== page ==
How neurons are generated and diversified has long puzzled developmental neurobiologists. One of the outstanding process is that it is challenging to observe the earlier and not-yet-diversified progenitors. To overcome this, we devised a neural network classifier that distinguishes neuron types by the genes they express. The classifier was then applied backwards in development: Late pupal neurons are classified according to what we know in adult, and earlier neurons are classified with the later ones. By doing so, we were able to annotate every neuron that we profiled throughout pupation. With the ability to classify pupal neurons, we identified a neuron type that is only present in the pupal stages. They decorate the margins of the medulla, and express distinct Wnt depending on whether they are on the ventral or dorsal margin, which lead us to speculate they play a role reminiscent to Cajal-Retzius cells in mammals. Additionally, we also noticed that even though optic neurons are generated over a long period spanning several days, after 20 hours after pupation, their gene expression becomes synchronized with neurons of the same type despite their ‘age’ difference.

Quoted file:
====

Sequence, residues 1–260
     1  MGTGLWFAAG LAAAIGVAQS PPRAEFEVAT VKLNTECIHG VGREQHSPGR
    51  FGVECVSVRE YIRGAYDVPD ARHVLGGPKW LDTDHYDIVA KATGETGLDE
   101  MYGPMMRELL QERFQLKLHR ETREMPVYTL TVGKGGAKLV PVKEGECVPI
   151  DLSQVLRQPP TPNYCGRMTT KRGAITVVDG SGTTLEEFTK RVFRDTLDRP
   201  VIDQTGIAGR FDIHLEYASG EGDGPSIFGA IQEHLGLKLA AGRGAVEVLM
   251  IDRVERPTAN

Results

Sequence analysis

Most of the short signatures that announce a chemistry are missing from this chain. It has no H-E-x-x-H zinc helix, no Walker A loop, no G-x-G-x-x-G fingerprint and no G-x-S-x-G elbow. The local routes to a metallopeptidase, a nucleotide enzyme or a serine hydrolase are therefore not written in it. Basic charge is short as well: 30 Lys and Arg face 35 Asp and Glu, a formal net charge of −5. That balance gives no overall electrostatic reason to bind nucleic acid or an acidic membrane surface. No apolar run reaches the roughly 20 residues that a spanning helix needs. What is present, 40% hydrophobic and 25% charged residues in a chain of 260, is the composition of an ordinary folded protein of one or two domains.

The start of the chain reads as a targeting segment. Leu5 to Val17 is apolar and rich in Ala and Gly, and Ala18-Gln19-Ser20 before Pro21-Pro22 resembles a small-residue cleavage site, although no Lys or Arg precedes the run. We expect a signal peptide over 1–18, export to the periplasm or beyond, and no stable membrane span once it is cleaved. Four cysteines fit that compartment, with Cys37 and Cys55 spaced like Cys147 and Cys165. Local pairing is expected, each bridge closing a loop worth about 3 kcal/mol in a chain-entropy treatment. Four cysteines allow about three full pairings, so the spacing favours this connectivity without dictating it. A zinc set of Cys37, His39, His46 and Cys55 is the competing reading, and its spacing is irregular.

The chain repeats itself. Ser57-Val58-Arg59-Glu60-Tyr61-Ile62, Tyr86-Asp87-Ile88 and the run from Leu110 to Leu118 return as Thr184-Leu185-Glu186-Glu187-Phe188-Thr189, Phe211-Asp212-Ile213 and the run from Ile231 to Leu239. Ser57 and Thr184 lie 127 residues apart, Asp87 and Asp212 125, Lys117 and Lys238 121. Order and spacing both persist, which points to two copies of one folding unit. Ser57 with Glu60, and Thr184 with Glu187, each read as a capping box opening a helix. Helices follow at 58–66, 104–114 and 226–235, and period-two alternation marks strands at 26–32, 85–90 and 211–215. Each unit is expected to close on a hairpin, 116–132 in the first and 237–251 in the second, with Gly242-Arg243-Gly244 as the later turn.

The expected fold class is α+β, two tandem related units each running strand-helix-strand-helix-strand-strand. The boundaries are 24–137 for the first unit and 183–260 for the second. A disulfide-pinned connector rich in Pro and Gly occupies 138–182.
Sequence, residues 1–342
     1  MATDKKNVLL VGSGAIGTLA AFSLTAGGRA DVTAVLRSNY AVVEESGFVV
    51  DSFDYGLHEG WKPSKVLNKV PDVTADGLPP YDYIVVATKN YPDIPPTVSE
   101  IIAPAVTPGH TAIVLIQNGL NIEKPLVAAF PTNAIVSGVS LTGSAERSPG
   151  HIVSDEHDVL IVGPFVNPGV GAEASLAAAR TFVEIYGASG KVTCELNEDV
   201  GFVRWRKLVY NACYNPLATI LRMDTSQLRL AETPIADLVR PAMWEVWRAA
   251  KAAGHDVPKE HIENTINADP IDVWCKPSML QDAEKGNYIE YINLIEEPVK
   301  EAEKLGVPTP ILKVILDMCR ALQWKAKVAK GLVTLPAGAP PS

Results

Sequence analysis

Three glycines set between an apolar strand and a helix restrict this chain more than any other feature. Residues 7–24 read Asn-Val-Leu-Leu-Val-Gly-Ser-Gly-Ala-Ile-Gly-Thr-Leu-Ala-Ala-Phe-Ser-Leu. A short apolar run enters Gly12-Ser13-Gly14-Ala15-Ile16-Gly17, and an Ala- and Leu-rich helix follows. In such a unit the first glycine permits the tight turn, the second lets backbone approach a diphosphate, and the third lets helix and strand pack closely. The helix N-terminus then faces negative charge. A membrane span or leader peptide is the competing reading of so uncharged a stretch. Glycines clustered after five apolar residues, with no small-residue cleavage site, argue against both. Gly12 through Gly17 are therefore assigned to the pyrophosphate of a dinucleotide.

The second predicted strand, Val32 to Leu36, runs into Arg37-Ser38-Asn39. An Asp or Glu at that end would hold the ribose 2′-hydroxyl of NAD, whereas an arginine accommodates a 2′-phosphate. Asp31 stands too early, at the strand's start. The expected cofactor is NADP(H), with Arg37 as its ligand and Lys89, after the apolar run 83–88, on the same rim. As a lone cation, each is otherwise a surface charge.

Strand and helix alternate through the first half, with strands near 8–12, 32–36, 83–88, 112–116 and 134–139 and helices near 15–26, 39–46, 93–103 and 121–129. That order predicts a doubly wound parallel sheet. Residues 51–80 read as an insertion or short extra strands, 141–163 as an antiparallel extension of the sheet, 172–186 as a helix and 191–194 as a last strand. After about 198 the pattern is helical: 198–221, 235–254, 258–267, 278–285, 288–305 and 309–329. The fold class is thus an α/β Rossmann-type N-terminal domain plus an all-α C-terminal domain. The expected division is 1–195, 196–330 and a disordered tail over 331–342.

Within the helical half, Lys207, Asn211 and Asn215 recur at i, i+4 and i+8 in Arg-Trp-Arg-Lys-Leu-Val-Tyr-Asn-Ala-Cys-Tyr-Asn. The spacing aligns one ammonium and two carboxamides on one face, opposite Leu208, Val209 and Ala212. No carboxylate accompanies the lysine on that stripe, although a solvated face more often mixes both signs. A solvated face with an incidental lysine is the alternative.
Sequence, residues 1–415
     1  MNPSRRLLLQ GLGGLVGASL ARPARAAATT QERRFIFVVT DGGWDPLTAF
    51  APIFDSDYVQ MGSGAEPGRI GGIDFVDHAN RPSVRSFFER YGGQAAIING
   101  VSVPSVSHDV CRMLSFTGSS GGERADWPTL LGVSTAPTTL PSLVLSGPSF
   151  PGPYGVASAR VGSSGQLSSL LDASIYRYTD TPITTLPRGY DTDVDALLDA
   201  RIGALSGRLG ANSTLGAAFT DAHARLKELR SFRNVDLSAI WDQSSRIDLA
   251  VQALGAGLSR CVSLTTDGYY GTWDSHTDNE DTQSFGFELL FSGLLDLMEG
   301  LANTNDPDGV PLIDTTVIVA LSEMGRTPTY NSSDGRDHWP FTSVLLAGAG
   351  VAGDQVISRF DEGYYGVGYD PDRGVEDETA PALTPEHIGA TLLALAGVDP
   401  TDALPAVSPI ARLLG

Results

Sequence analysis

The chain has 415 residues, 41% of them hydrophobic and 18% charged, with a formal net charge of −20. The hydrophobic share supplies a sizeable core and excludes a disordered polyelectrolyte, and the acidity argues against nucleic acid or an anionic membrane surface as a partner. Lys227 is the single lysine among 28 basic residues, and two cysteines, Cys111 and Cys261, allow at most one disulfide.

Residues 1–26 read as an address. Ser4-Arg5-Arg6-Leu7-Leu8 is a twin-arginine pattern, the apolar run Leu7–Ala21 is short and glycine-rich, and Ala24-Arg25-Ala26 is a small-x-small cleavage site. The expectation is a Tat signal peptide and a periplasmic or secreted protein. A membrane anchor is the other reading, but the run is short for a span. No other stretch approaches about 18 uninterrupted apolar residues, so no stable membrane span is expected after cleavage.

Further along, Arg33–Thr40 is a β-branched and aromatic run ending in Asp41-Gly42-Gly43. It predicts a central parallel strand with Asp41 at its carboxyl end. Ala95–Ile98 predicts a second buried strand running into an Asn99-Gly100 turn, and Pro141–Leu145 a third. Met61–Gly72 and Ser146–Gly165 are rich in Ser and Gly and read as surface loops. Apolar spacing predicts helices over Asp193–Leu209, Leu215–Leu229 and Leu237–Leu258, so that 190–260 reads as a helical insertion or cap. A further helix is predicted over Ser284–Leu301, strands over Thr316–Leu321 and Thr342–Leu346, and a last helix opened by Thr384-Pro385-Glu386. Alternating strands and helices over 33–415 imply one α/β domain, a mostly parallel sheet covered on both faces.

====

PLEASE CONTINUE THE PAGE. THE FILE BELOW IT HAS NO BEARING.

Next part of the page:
The Drosophila visual system integrates input from 800 ommatidia and extracts different features in stereotypically connected optic ganglia. The development of the Drosophila visual system is controlled by gene regulatory networks that control the number of precursor cells, generate neuronal diversity by integrating spatial and temporal information, coordinate the timing of retinal and optic lobe cell differentiation, and determine distinct synaptic targets of each cell type. In this chapter, we describe the known gene regulatory networks involved in the development of the different parts of the visual system and explore general components in these gene networks. Finally, we discuss the advantages of the fly visual system as a model for gene regulatory network discovery in the era of single-cell transcriptomics.
Amyotrophic lateral sclerosis is a neurodegenerative disease that causes progressive paralysis that is lethal and incurable to date. In this article, we discovered a developmentally critical microRNA cluster, mir-17~92, plays a role in the vulnerability of spinal motor neurons and supplementing this microRNA cluster can prolong the life expectancy in a mouse disease model.
In this article, we demonstrated that a long non-coding RNA, Meg3, is required to establish the boundary between two genes that mark spinal motor neurons from different body segments. To suppress the expression of caudal genes from expressing in rostral segments, Meg3 forms a complex with PRC2 to suppress them, the catalytic complex that marks histone with repressive modificication H3K27me3.